History of St. James' church, Wellington.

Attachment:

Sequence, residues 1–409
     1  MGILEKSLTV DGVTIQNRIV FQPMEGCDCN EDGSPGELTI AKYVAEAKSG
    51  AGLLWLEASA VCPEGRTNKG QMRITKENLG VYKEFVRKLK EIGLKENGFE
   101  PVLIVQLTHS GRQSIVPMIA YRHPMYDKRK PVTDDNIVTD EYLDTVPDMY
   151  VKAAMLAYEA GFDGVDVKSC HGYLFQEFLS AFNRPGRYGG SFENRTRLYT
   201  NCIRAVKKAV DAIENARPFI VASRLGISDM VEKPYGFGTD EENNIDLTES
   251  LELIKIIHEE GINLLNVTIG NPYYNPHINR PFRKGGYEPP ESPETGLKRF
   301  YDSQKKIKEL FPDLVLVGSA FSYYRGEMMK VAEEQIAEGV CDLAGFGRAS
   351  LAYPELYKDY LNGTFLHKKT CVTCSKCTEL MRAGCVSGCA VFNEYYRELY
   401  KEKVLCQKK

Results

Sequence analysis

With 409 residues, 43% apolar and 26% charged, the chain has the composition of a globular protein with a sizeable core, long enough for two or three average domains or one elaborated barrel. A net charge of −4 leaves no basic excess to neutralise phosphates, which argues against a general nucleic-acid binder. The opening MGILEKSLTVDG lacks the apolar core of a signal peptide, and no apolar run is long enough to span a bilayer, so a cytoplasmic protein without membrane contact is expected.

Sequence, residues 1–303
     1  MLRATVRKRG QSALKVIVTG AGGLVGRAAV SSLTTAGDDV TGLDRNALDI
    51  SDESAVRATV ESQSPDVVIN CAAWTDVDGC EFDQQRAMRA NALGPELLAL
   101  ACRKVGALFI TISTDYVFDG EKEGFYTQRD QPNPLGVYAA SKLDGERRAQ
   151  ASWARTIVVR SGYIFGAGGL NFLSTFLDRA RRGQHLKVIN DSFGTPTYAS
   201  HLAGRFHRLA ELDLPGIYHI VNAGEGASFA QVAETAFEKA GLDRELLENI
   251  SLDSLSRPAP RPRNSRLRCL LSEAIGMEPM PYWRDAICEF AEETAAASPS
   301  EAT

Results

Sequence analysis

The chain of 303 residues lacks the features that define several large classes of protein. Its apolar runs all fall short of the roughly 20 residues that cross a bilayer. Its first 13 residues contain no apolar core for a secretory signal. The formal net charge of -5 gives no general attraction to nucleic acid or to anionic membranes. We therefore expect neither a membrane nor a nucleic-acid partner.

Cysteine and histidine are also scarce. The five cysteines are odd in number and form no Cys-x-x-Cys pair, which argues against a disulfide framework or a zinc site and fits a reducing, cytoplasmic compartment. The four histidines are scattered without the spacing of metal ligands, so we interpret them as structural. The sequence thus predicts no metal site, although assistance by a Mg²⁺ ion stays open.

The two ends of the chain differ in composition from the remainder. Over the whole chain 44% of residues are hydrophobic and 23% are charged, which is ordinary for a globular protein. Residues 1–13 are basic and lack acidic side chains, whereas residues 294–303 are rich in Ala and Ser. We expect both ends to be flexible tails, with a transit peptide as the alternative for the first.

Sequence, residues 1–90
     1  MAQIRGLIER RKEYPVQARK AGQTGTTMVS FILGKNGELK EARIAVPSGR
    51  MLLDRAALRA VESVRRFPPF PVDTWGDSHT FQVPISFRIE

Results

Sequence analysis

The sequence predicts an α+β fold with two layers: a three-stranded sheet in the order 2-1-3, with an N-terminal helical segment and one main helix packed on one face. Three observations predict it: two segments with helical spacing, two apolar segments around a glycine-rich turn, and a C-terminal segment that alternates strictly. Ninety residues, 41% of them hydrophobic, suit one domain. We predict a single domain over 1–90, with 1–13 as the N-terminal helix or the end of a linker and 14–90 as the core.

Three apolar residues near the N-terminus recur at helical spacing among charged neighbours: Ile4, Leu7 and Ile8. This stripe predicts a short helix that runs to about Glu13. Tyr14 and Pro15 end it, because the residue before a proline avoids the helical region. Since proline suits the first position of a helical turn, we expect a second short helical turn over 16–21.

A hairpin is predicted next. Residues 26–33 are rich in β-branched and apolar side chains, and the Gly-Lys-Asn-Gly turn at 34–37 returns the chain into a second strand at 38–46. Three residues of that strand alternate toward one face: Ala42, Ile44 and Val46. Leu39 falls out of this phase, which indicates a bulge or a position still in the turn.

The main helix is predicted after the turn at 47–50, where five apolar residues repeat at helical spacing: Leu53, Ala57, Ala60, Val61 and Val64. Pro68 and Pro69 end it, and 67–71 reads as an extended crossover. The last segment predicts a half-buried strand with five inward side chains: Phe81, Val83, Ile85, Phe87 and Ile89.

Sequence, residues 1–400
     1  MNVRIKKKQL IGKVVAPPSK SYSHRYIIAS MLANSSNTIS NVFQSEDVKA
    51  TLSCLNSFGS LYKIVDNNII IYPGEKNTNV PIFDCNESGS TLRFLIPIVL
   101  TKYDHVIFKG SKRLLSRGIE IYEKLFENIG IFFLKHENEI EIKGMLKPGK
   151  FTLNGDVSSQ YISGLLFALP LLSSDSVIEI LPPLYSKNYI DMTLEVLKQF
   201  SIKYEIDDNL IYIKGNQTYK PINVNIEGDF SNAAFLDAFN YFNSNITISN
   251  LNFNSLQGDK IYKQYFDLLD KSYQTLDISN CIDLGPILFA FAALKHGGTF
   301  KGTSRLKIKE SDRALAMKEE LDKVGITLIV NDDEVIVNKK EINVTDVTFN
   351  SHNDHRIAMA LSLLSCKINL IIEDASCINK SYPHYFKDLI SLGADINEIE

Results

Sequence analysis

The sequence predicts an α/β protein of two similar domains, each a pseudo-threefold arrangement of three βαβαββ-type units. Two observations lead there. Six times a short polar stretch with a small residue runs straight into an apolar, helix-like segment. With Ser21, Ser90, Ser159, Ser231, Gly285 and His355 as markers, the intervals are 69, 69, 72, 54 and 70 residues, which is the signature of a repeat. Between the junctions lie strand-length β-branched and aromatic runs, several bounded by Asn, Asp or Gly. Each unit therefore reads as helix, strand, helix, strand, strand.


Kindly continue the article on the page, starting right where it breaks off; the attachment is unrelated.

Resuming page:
The Wellington section of Medford during its early days and while its residents were somewhat scattered, had been a part of the Immaculate Conception parish of Malden. Soon, however, with the Wellington farm and the other farms in that section being cut up into house lots, and residences springing up very rapidly, the Catholic population increased in numbers in the district, and with the growth in numbers grew the desire and wish that they might have a Catholic church in their midst, and some good priest to administer to the spiritual needs of those grown to manhood and womanhood, as well as the young minds, the future manhood and womanhood of the district. The wishes and desires of the people were being carefully considered by Cardinal O'Connell in his solicitation for the flock in his charge. Early in December, 1919, the good news came that His Eminence, the Cardinal, had appointed the Rev. John J. O'Donnell, who had been attached to St. Patrick's, Watertown, Mass., as a curate for a number of years, to be the first pastor of a [p. 87] new parish in the Wellington-Glenwood section of Medford. A committee of men from the new parish met Father O'Donnell early in December and arranged with him to secure the Wellington club house for services on Sunday, and on Sunday, December 21, 1919, mass was celebrated by Rev. Father O'Donnell for the first time in the club house of the Wellington Improvement Association at Wellington. The new pastor arranged that two masses would be celebrated each Sunday, one at 9.00 A. M. and one at 11.00 A. M., with Sunday school for the children of the parish in the Wellington club house each Sunday afternoon until arrangements could be made for a temporary church. At the first services held in the Wellington club house every available inch of space was occupied, and this continued to be the case on each succeeding Sunday. In a few weeks Father O'Donnell arranged to have mass celebrated each Sunday in the Glenwood section in the fire-house on Spring street. This necessitated, of course, that Father O'Donnell secure another priest, and this was arranged by having a Redemptorist father come from Roxbury, Mass., each Sunday, Father O'Donnell and the Redemptorist father alternating each Sunday between the Wellington club house and the Spring street fire-house. Early in January, after carefully looking over his parish and the available land, Father O'Donnell purchased the land fronting on the Fellsway and running along Fourth street to Bradbury avenue, and at once arranged for a temporary building that might be used for church purposes until a permanent and suitable church could be erected. The Knights of Columbus' hospital hut at Parker hill, Roxbury, which had been used for war purposes during the World War was secured, taken down and moved to Wellington, re-erected, and the first mass was said in this building in the latter part of May, in 1920. [p. 88] With land secured, a temporary church erected, plans were rapidly forming looking forward to the hoped-for future day when a permanent church would be erected. In June, 1920, Rev. Ralph W. Farrell was appointed curate to assist Father O'Donnell. Father O'Donnell labored for almost six years among the people of Wellington and Glenwood, and sincere regret was felt when in September, 1925, he was rewarded for his faithful work by being made pastor of St. Anne's church, Neponset, Mass. On September 8, 1925, a new pastor came to Wellington to take Father O'Donnell's place—Rev. Dennis F. Murphy, who had been for many years assistant pastor at St. Paul's, Cambridge. Father Murphy at once took up the reins and made plans looking to a start on the new church in the spring of 1926. The ground for the new church was broken in the early spring of 1926, and at once the corner at the Fellsway and Fourth street became the scene of activity. The corner-stone of the new church was laid by the pastor, Rev. Dennis F. Murphy, on May 22, 1927, assisted by Father John H. Powers, who in the meantime had been appointed curate in place of Father Farrell, who was removed to Hudson, Mass. On September 19, 1927, Father Powers having been transferred, the Rev. John Connors was sent as curate to assist Father Murphy. The church is of the Old English style, a handsome brick edifice, and will be completed and ready for occupancy on December 25, 1927. The parish has a valuable piece of property with the church at the corner of the Fellsway and Fourth street. To this will no doubt be added in the very near future a rectory for the priests of the parish. The property is situated facing directly on the Fellsway and certainly very much improves and adds to the appearance of the district.